Strategists have always talked about sustainable competitive advantage, but we face a growing realization that firms are vulnerable to predictable changes in their physical and social environment. Sustainable business goes beyond maximizing today’s profits, and looks toward maximizing profits over the life of the firm (which hopefully is infinite!).
While some sustainable practices are explicitly environmental, many are not. Sustainable businesses are also concerned with the training and availability of their future workforces, the sustainability of their customer base, and the robustness of their sourcing arrangements or inputs. Thus sustainable businesses invest in education, work to improve the health of their customers, and examine the business practices of their partners. Continue reading ‘The Future of Business is Sustainable.’
Almost every science fiction story or movie involves self-driving cars. This technology is now a reality, with “autonomous vehicles” proven safe and legalized in many states. But beyond simply freeing up time, self-driving cars have enormous implications for business.
Of course, the automotive industry will be impacted. Self-driving cars only increase the attractiveness of ZipCar and other car-sharing services (UT Arlington has “Connect by Hertz,” a similar car-sharing service on campus). Previously, these services suffered because when a customer needed a car they needed to get themselves to where the car was. But with self-driving cars, the car can come to you. This will greatly increase the attractiveness of car-sharing services, and might even reduce the demand for cars overall.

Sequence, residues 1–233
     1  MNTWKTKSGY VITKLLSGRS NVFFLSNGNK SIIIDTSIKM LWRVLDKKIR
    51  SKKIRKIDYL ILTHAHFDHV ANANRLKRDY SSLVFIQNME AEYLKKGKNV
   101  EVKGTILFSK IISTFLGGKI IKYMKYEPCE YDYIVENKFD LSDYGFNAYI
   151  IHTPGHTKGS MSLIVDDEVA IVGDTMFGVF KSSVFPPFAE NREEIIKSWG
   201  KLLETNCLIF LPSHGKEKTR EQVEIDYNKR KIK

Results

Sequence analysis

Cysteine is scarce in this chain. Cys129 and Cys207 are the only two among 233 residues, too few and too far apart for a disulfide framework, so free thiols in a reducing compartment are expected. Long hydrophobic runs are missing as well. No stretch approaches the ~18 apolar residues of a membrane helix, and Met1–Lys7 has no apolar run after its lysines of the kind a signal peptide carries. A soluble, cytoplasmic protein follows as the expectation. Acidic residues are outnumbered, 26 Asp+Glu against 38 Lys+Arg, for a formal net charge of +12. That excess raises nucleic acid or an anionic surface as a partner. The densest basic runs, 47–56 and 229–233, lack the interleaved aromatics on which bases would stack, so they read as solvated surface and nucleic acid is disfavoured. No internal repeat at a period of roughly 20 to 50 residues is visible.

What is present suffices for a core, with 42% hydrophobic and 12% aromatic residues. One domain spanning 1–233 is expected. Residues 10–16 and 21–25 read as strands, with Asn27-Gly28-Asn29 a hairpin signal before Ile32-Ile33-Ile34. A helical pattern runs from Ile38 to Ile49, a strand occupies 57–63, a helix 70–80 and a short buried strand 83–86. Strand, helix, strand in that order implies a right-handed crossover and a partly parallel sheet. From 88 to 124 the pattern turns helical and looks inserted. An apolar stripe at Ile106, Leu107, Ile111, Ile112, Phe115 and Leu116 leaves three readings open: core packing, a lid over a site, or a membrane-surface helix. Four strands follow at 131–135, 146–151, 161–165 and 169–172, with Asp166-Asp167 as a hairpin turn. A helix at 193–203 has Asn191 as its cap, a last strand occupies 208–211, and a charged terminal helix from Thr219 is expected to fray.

Beyond the automotive industry, self-driving cars will have enormous implications for other areas of business. For example, when cars can park themselves, and come when you call them (think Batman calling the Batmobile), the need for convenient and close-by parking will reduce. Real estate and economic development will be significantly changed. Continue reading ‘The Future of Business is Technological (part 2).’
Organizations need to draw on the talents and resources of all their employees. But employees don’t work in a vacuum. They influence (and are influenced by) each other.
Sometimes these influences can be productive. But often they can be destructive (consider groupthink, when individuals conform to the opinions of others regardless of their private information).
How can firms retain the positive influences and minimize the negative? Recent work by Scott Page at University of Michigan demonstrates that diversity is one such tool. Diverse groups, groups whose members are of different demographic backgrounds, personality styles, varying generational cultures, “ways of knowing,” and/or undergraduate majors, make better decisions than groups that are homogenous. Continue reading ‘The Future of Business is Diverse.’